Part 8: Reducing the stigma and growing more Healing Forests
Changing the culture around addiction and recovery is within our grasp
Though much of the infrastructure is there, Ann Arbor is far from being the perfect Healing Forest. “Ann Arbor is a very judgmental place,” Engelbert said.
She added, “Even if I’m gonna say the word ‘heroin use,’ I’m gonna lower my voice right? Because you can’t just say that. Somebody can’t just walk down the street and tell anybody they want, ‘Hey I haven’t used heroin in 6 months.’ People would be like, ‘Woah, you’re a freak.’ ”
That may be true anywhere else too. For that reason, how Ann Arbor’s Healing Forest has grown has to be analyzed.
“Maybe it’s more happenstance than deliberate,” Engelbert said.
Making sense of Engelbert’s comment is complicated. Even as recently as four years ago, the answer would likely lean toward happenstance. But as the opioid crisis gained more attention, the answer has slowly shifted in the opposite direction. Efforts to bring the community together and address addiction in Washtenaw County have been gaining steam. In 2013, the Washtenaw Health Initiative Opioid Project was organized to reduce opioid overdoses and deaths.
“What we do is pull together all of the relevant stakeholders in the community, whether that’s emergency department physicians, treatment providers, law enforcement agencies, county government, people in recovery, and other organizations that work on this issue,” said Theresa Dreyer, who facilitated the project until this June.
“Our goal is to align the services that are available in the community, align the policies in the community, so that no matter where a person presents, whether that’s in the emergency department or a treatment facility. If that particular organization can serve their needs, great. If they need to be referred to a different organization, they know who to refer, which organizations provide which services, and how to make that transition seamless.”
These efforts led to a 25 percent reduction in opioid overdoses in 2015 from the previous year. But this only tells part of the story. WHIOP holds meetings each month, but community members who don’t have a direct connection to addiction like small business owners haven’t attended.
That’s where the Washtenaw Recovery Advocacy Project, or WRAP, comes in, a nonprofit that formed last year, whose goal it is to educate the community about recovery.
Debbie Wright, secretary for WRAP, said, “I think one of those ways we’re trying to (reduce stigma) is to really put a face on recovery and let people know in the community that people do recover and that people do move on and people do flourish in recovery and that there’s a lot of people here in recovery. We’re not going anywhere.”
WRAP has been working to educate Washtenaw County through community events. For example, last year there was a recovery advocacy walk in downtown Ann Arbor and another occurred this May.
WRAP is still in its infant stages, though, meaning there is plenty of work left to be done to keep bridging the gap between those involved and not involved with addiction on a daily basis. The recovery community needs allies to reduce the stigma surrounding addiction. With more allies, the progress toward integrating into the community and not being labeled as an “other” can accelerate.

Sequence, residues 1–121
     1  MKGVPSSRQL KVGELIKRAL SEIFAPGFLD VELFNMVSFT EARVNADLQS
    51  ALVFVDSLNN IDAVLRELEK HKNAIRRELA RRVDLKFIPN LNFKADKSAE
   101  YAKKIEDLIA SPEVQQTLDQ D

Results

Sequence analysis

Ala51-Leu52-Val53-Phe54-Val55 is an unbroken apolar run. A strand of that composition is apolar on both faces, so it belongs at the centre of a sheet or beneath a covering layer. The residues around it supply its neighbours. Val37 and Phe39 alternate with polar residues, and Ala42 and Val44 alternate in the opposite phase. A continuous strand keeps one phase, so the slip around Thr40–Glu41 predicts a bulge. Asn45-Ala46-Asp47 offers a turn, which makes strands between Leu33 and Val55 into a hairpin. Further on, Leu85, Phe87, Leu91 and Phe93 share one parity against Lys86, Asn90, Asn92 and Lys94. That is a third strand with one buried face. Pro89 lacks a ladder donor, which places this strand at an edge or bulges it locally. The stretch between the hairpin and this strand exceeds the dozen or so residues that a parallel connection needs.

Growing a Healing Forest is a mentality.
The Healing Forest is a book store realizing, without ever directly reaching out to the recovery community, that there should be more alternatives to going to the bar.
“We simply pride ourselves on being a welcoming, safe, friendly atmosphere for all,” Mike Gustafson, owner of Literati Bookstore in Ann Arbor, wrote over e-mail. “Almost all of our events and live readings (we host many live readings throughout the year, upwards of 150) are free and open to all. We are also open later in comparison to other retailers in the area, specifically because we believe people sometimes want an alternative to noisy bars. I’ve worked with a few student groups in the past to spread awareness about our live readings among undergraduates, simply because I feel like in college so many social events involve or are centered around alcohol.”
The Healing Forest is also Nic Sims, who opened Brillig Dry Bar, an alcohol-free bar that serves tasty non-alcoholic beverages. It began as a pop-up venture but will now have regular hours starting in the fall.
Most places aren’t like Ann Arbor, though. There aren’t universities, treatment centers, functioning bus systems, and countless meetings everywhere that are accessible. But remove all that, and the common theme of valuing the individual and their experiences remains. That said, some cities and towns may be more well-positioned than others to instill those values.
What does a Healing Forest look like in a rural town or a poverty-stricken city like Flint that is working through another crisis?
The mechanisms may ultimately look different, but a Healing Forest is possible anywhere if the community decides to attempt to rid itself of the stigma surrounding addiction. That’s where government leadership can come in. Whether it’s through passing a resolution in support of the recovery or anti-discrimination legislation, there’s an opportunity to set the standard, recognize that treating addiction also takes place outside a treatment facility, and make a Healing Forest deliberate rather than happenstance.
A Healing Forest is possible anywhere if the community decides to attempt to rid itself of the stigma surrounding addiction.
The Healing Forest of Ann Arbor has many faces like Wright, Dreyer, Schwartz, Statman, Gratopp, Roberts, Parson, Byberg, Weinzweig, and Engelbert. With time and efforts to change people’s perspectives, there could be more communities supportive of recovery. Values will change, the soil would get even healthier, and maybe more people will be able to heal.